Note: If you have osteoporosis, arthritis, or other physical problems, discuss your exercise options with your doctor and/or a physical therapist before attempting high-impact workouts.

How activities stack up

The more load on the bones, the greater the effect. Thus, high-impact or resistance (also called high-load-bearing) workouts are best for bones.

Here’s a ranking, based in part on guidelines from the Surgeon General:

  • Best for bones (weight-bearing, high-impact, and/or resistance activities): running, jumping rope, stair climbing, high-energy dancing, basketball, volleyball, tennis, skiing, skating, soccer, hiking, gymnastics, weight training.
  • Also good, but less so (weight-bearing, but low-impact): brisk walking, low-impact aerobics, most cardiovascular machines (stair climbers, rowers, elliptical trainers).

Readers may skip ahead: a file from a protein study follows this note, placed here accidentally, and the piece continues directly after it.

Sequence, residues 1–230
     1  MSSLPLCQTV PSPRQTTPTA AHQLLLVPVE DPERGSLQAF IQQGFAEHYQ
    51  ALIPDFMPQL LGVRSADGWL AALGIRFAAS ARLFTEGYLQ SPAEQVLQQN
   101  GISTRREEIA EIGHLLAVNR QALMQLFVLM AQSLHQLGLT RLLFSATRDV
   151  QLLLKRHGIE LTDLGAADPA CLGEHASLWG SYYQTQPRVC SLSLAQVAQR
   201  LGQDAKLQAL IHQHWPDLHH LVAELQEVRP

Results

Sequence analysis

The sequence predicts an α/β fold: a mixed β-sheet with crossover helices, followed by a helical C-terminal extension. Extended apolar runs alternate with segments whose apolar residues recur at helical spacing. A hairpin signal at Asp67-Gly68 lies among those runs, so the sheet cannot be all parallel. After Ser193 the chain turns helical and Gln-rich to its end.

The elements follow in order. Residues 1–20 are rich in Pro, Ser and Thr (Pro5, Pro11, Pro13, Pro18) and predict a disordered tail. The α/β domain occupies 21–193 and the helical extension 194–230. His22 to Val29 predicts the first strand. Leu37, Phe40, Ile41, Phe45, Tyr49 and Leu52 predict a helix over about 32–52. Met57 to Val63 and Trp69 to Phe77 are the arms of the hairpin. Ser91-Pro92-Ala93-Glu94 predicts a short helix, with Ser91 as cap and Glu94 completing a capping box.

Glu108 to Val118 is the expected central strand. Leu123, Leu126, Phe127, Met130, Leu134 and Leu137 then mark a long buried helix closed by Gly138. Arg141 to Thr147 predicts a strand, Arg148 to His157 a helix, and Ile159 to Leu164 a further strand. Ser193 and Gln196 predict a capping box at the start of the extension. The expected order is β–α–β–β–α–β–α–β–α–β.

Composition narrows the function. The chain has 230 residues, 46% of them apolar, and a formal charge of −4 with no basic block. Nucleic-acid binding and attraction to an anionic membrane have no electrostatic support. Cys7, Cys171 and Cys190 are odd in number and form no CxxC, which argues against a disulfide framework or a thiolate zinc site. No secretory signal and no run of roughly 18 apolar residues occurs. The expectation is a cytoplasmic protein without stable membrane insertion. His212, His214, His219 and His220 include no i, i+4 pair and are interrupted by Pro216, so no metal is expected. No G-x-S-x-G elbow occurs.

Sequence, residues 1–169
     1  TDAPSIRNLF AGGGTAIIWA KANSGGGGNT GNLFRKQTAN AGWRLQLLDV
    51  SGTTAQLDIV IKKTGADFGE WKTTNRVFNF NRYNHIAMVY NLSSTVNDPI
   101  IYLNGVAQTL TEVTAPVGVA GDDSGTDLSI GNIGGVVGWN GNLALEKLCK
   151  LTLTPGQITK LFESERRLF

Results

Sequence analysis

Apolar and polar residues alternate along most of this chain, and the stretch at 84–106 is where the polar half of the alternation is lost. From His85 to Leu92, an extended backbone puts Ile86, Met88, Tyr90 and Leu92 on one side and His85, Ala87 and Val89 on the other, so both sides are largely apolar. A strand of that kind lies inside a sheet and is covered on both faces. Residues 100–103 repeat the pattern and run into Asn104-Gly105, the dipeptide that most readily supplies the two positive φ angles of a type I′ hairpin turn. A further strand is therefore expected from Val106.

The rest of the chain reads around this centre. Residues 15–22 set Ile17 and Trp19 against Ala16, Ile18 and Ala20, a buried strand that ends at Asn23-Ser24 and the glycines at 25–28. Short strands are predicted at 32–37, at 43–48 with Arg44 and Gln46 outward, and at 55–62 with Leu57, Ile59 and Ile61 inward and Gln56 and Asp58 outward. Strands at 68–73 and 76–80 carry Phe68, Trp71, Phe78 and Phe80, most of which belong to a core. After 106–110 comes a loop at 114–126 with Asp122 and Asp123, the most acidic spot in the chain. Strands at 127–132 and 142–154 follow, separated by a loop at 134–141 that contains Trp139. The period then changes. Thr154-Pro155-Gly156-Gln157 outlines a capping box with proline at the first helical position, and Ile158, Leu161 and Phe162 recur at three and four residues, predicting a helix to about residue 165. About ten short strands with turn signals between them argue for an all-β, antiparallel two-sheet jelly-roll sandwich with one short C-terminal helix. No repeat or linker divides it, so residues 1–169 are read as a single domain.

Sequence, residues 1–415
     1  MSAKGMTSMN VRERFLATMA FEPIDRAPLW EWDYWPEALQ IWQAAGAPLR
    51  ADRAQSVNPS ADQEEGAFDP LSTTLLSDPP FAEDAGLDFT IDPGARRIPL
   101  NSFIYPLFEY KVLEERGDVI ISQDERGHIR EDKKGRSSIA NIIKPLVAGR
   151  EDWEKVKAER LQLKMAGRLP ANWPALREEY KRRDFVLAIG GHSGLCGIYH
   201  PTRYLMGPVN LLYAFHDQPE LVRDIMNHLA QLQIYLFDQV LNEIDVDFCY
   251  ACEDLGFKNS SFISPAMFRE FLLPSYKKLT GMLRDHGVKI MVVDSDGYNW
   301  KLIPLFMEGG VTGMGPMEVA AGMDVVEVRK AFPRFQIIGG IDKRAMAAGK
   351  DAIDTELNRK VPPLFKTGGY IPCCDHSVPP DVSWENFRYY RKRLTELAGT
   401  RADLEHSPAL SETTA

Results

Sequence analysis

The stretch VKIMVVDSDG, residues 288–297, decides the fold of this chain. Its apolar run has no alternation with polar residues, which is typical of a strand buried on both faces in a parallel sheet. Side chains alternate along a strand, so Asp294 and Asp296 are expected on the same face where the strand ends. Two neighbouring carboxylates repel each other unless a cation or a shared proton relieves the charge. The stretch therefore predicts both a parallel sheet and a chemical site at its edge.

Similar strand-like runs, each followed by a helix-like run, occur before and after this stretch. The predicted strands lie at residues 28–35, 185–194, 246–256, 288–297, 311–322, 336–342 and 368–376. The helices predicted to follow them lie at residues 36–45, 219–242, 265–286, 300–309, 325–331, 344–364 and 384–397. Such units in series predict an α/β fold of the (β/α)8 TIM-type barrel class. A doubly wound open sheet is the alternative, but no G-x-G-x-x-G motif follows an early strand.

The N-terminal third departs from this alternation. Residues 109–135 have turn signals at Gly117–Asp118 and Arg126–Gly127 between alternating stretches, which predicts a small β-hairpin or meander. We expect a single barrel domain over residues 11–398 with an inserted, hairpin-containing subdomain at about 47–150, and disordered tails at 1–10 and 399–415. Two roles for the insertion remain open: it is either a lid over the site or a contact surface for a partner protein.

• Least beneficial for bones (not weight-bearing and non-impact): swimming, cycling, yoga, casual walking, tai chi.

The distinctions are not always clear-cut, however. For instance, rowing, swimming, and yoga, when done strenuously, can be more beneficial than indicated here. Keep in mind, too, that low-impact activities may still help slow bone loss and have other positive effects on bone health. And activities such as tai chi can help prevent fractures because they improve balance, neuromuscular coordination, and postural stability, thus reducing the risk of falls.

Getting a jump on bone health